Kicking Frustration to the Curb

A lesson in realism: Hope for the best, prepare for the worst
By Jeff Minick
Jeff Minick
Jeff Minick
Jeff Minick has four children and a growing platoon of grandchildren. For 20 years, he taught history, literature, and Latin to seminars of homeschooling students in Asheville, N.C. He is the author of two novels, “Amanda Bell” and “Dust on Their Wings,” and two works of non-fiction, “Learning as I Go” and “Movies Make the Man.” Today, he lives and writes in Front Royal, Va. See JeffMinick.com to follow his blog.
October 28, 2021 Updated: October 28, 2021

Modern life comes with a clutter of frustrations unimaginable to our ancestors.

Recently, my laptop was having problems. The young man in the repair shop discovered that I was years behind on my updates, and after about four hours, he had added the updates and fixed the problem. He even cleaned the keyboard and screen, making the machine look new again.

So I returned home, acquainted myself with some of the changes he had made, and went to bed a happy man. Then came early morning, and every document on the computer now sported a black background and white text.

Ugh.

I messed around online, discovered the meaning of “dark mode,” and realized what had happened. So that story had a happy ending.

But we all experience frustration. We head out the front door to drive to work and find the left front tire of the car to be as flat as the proverbial pancake. We call the state revenue office and spend an hour on the phone waiting to speak to a human being. We’re pumped for a week at the beach with our family when the little ones fall ill with the flu the day before our scheduled departure.

Epoch Times Photo
(Fei Meng)

Holding down a job, raising children, or navigating relationships can bring their own special irritants. The boss keeps changing his mind about office protocol regarding visitors during our ongoing pandemic. Ten-year-old Billy throws a Wiffle ball to his brother in the den, which he knows is against house rules, and breaks a porcelain statue that belonged to your mother. You want to spend Sunday afternoon on a family hike, while your spouse is happier watching a football game.

When confronted by such unexpected difficulties, some people rant and rave. Others just want to throw up their hands and call it a day. A few even blame the fates for raining down distress, asking, “Why is this always happening to me?”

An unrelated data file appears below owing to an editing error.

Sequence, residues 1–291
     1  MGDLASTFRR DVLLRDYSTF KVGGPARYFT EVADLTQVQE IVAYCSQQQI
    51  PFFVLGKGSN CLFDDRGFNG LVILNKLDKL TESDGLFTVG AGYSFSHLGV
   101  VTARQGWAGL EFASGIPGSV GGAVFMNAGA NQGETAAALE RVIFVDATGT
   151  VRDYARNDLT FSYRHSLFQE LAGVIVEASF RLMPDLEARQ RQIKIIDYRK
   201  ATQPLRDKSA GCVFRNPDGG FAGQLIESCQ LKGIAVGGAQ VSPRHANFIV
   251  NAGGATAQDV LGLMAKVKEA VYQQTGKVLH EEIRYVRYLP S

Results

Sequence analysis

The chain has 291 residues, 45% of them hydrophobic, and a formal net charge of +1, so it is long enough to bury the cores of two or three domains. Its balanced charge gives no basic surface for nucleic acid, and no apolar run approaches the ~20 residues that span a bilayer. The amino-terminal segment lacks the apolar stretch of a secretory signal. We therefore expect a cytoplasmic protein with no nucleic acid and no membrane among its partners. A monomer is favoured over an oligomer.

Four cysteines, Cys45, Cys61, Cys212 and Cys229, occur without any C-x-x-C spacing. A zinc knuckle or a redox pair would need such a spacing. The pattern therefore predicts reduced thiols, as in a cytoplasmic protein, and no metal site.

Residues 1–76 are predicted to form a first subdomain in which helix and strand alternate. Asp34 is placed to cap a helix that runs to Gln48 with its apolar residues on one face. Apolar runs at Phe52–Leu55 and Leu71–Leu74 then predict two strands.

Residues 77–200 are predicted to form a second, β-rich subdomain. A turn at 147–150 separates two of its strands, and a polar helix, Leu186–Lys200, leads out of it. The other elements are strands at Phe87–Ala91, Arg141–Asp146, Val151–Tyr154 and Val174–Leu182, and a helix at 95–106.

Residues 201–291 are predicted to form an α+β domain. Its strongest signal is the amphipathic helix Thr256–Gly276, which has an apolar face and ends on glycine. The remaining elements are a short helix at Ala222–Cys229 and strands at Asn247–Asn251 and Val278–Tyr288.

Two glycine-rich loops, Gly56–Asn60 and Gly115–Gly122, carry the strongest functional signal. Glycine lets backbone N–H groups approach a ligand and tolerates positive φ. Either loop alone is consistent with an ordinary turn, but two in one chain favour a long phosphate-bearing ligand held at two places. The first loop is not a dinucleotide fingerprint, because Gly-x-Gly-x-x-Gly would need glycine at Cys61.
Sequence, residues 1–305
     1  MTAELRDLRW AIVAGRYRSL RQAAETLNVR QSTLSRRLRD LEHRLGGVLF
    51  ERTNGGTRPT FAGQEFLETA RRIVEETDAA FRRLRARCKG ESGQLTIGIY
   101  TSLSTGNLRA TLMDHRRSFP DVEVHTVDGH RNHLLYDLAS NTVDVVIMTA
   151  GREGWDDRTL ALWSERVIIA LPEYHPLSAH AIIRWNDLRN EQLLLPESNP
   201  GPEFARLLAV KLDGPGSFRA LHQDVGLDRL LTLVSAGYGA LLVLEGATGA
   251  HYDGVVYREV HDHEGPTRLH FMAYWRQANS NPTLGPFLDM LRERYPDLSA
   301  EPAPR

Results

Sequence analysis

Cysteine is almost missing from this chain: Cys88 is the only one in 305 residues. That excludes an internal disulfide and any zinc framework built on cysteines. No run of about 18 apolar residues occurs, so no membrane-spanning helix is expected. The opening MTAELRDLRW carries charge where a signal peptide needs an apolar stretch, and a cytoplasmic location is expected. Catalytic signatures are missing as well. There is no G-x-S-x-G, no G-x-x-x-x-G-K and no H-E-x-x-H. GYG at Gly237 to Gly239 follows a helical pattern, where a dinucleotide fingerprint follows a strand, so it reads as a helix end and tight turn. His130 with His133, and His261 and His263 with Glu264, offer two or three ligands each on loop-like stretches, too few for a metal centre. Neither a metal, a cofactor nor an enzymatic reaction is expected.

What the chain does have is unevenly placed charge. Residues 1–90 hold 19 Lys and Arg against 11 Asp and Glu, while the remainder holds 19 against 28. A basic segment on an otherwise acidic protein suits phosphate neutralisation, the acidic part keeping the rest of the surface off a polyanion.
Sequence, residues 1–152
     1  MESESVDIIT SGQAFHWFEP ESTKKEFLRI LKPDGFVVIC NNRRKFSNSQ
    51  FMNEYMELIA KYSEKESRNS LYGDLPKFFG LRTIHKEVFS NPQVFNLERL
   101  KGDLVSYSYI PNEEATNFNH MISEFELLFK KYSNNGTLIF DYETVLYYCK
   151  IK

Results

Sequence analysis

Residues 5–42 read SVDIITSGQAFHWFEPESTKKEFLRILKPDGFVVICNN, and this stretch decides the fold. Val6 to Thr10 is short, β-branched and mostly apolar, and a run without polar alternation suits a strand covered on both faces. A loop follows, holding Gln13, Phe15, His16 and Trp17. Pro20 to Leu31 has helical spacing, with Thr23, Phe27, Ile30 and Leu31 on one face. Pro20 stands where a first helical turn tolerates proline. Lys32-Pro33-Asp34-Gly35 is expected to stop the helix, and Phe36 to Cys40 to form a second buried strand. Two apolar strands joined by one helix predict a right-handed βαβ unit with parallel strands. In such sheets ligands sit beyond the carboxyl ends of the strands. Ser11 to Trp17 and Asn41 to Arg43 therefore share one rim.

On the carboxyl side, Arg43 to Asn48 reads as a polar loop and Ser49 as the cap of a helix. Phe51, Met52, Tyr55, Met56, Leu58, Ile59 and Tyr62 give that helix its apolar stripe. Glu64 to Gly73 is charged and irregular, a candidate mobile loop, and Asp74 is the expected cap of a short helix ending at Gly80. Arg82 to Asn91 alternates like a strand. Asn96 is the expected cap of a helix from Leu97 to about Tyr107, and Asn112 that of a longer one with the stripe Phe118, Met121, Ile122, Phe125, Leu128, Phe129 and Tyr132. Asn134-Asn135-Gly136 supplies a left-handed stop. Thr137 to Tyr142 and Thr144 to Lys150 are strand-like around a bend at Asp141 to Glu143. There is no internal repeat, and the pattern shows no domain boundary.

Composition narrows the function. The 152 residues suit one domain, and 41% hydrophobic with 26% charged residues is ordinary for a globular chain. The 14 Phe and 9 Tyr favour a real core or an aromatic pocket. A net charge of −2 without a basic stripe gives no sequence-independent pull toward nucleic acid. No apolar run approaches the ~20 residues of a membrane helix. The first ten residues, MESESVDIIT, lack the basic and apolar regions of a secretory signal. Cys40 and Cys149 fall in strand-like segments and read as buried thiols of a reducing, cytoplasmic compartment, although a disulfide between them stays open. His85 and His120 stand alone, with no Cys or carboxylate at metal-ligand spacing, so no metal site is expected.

But we also see those folks who face up to unexpected problems, seek solutions, and regard such troubles as a natural part of life. They’re rarely thrown off-kilter by inconvenience or minor irritations. One man I know, at age 37, is particularly unflappable. The father of a large family and a busy attorney with 20 employees, he faces a daily whirlwind of challenges, yet generally meets them with a smile and a can-do spirit.

In “The Road Less Traveled,” author M. Scott Peck began with these words:

“Life is difficult.

“This is a great truth, one of the greatest of truths. It is a great truth because once we truly see this truth, we transcend it. Once we truly know that life is difficult—once we truly understand and accept it—then life is no longer difficult. Because once it is accepted, the fact that life is difficult no longer matters.”

Peck is spot-on in this observation. When we forget that life is difficult, when we expect sunshine and roses and are instead belted by a hurricane, we’re miserable. But the realists who accept that life is difficult will tackle challenges in stride without wasting energy on anger or exasperation.

Hope for the best, prepare for the worst. That old adage fits neatly with Peck’s great truth. It’s as solid a watchword against frustration as any other.

Readers may be interested to know that just after I finished the rough draft of this article I dropped my cellphone, cracking the screen, and my computer crashed.

Onward and upward.

Jeff Minick
Jeff Minick has four children and a growing platoon of grandchildren. For 20 years, he taught history, literature, and Latin to seminars of homeschooling students in Asheville, N.C. He is the author of two novels, “Amanda Bell” and “Dust on Their Wings,” and two works of non-fiction, “Learning as I Go” and “Movies Make the Man.” Today, he lives and writes in Front Royal, Va. See JeffMinick.com to follow his blog.